How to write a service contract

In this second of a two-part column, Preston Gralla looks at what should go into a service contract and how to draw one up.

A new, emerging Web services and SOA concept -- service contracts -- may ultimately become key to more widespread

usage of the technologies between business partners. It's not yet widely used, but there are those who say that most Web services will ultimately involve a service contract when the Web service is between business partners, rather than for internal users in an enterprise. In this second part of a two-part column, we'll look at what should go into such a contract and how to draw one up.

What's in a contract?
If you haven't yet heard about Web services and SOA contracts, keep in mind that they are not legal documents. Rather, a service contract outlines a set of technical data, and often business information as well. The contract is between whoever is providing the Web service, and whoever is consuming the Web service. It provides details about the service being created by the provider. In creating the contract, both sides know what will be provided and required by each, possibly before any coding is actually done.

That may sound rather vague, but in fact, some very concrete information needs to be put into the contract. To start off with, the contract specifically defines what service the provider will supply, as well as the data -- if any -- the provider will supply. This is the overarching reason for the contract, and needs to be spelled out clearly; if things go awry here, there will almost certainly be problems down the road.

Beyond defining the services and data that the provider will supply, the contract needs to detail how exactly those services and data will be provided. This part of the contract is a two-sided conversation; it needs to detail not only how the service will be provided, but also what the consumers will provide in return for that service.

The contract also outlines the policies that each side agrees to with regard to the service -- who can access the service, what security rules and procedures must be followed, and so on.

Miko Matsumura, vice president of technology and standards for Infravio, differentiates between "low-level" contracts and "high-level" contracts. A low-level contract, he says, would govern something like a Microsoft .NET Indigo services stack and express how, on the lowest level, communication takes place. This kind of contract, he says, is not particularly vital. The higher-level contract has details such as service delivery preferences and service level agreements, and often has business implications.

What's particularly beneficial about drawing up these high-level contracts, says Matsumura, is that a provider can draw up a single, boilerplate contract for a service it will provide to multiple partners, and can then customize each contract as needed. This cookie-cutter approach is a tremendous time-saver, he notes, and makes it far easier for providers to build a business around providing services.

How to draw up a contract
The main notion behind a contract, says Matsumura, is that the contract configures metadata, and that metadata is then deployed against a running service. Matsumura says that there are two primary approaches to drawing up a contract -- a configuration-based approach, and a registry-based approach. A configuration-based approach is favored by developers, and in it, metadata is put into a deployment descriptor.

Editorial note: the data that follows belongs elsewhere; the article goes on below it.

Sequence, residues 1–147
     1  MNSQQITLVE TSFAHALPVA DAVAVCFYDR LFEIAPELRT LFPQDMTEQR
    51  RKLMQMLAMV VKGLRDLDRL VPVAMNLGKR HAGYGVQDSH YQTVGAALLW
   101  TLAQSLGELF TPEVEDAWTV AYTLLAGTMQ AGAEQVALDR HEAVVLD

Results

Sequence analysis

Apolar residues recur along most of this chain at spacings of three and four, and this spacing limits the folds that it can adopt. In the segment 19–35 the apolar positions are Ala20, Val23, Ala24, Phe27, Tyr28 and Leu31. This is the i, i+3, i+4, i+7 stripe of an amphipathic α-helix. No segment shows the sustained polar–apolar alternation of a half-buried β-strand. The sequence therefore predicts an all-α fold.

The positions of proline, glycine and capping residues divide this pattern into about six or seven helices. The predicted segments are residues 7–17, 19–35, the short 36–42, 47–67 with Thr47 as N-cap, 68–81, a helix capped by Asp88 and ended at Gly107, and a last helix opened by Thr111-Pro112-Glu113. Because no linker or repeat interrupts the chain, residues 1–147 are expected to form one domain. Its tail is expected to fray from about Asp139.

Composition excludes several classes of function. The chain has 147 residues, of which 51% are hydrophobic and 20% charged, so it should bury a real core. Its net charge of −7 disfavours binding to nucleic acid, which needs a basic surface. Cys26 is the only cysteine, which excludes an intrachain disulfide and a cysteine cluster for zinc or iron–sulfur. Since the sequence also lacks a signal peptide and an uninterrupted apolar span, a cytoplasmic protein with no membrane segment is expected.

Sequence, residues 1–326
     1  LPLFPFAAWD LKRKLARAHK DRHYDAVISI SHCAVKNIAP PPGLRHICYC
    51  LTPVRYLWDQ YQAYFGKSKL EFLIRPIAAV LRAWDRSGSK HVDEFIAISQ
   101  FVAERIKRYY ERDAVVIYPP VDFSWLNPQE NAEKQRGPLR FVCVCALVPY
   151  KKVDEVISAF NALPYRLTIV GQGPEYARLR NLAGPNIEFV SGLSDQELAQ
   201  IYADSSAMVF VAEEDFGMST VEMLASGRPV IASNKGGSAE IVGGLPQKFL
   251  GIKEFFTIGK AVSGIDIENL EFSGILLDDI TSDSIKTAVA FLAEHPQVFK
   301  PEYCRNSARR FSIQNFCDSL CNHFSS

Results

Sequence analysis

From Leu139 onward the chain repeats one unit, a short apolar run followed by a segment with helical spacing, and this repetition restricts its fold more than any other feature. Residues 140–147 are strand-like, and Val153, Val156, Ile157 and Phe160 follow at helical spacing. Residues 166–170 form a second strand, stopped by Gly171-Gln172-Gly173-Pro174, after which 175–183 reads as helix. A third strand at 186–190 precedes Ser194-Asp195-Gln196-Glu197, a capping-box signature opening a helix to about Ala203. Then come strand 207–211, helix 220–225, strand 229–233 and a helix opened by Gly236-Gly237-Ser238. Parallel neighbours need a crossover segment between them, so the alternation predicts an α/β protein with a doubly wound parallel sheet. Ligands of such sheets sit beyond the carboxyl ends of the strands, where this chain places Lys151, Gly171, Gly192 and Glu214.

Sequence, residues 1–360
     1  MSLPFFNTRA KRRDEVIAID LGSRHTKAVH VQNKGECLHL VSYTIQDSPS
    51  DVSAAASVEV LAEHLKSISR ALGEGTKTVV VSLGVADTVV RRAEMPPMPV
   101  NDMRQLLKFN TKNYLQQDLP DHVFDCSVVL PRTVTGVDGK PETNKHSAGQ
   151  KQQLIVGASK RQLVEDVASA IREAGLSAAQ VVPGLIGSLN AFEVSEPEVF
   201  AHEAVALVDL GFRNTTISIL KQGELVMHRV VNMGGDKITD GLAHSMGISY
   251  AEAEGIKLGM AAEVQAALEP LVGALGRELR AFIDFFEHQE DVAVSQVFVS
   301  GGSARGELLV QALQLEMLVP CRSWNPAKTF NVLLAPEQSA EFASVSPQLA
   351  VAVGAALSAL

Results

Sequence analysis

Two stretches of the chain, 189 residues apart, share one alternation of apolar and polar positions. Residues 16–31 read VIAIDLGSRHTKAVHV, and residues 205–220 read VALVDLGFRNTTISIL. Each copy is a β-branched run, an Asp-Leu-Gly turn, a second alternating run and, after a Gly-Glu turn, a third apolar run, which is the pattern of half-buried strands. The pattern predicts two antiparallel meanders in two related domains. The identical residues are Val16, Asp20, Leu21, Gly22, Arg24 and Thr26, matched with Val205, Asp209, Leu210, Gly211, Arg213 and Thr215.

Matsumura says that Infravio favors, instead, a registry-based approach, which unifies the process of creating contracts by putting all the information into one large metadata repository. A business user, not a developer, can then go into the repository, and manipulate the metadata to draw up a contract. This requires a metadata management system, as well as a browser front-end.

Infravio has recently released a tool for doing just that, its X-Registry Platform Version 5. A new function in the platform, called Service Delivery Contracts, is designed to allow contracts to be drawn up more easily.

No matter what approach to drawing up contracts is chosen, it's a good idea to follow a simple, logical, multi-step process in creating a contract, as outlined by Ronald Schmelzer, senior analyst with ZapThink in his article What belongs in a service contract?.

He recommends first defining the service, including the value the service provides, the service's functionality, the quality of service and any constraints on the consumption of the service.

Next, he says to define how the service will be consumed, including defining the message and semantic formats for requests, identifying conditions for outcomes and behaviors, and determining the flow of processes and activities.

Finally, he says to define how the services will interact, including how consumers will communicate with the service, what the acceptable communications protocols are, what the appropriate invocation style is, and the latency expectations.

When you're done, you should have a solid contract.

The future of service contracts
The concept of service contracts is still relatively new, and even its adherents say that they are still rarely used. But many people expect that eventually they will become commonplace when a Web service or SOA involves business partners. Contracts may even ultimately be used within an enterprise; for example, between business units or departments.

So even if you're not using contracts today, be prepared, because you may be called upon to draw one up, or sign one, in the not-too-distant future.

About the Author

Preston Gralla is an expert on Web services and the author of more than 30 books, including How the Internet Works. He can be reached at preston@gralla.com.






This was first published in September 2005

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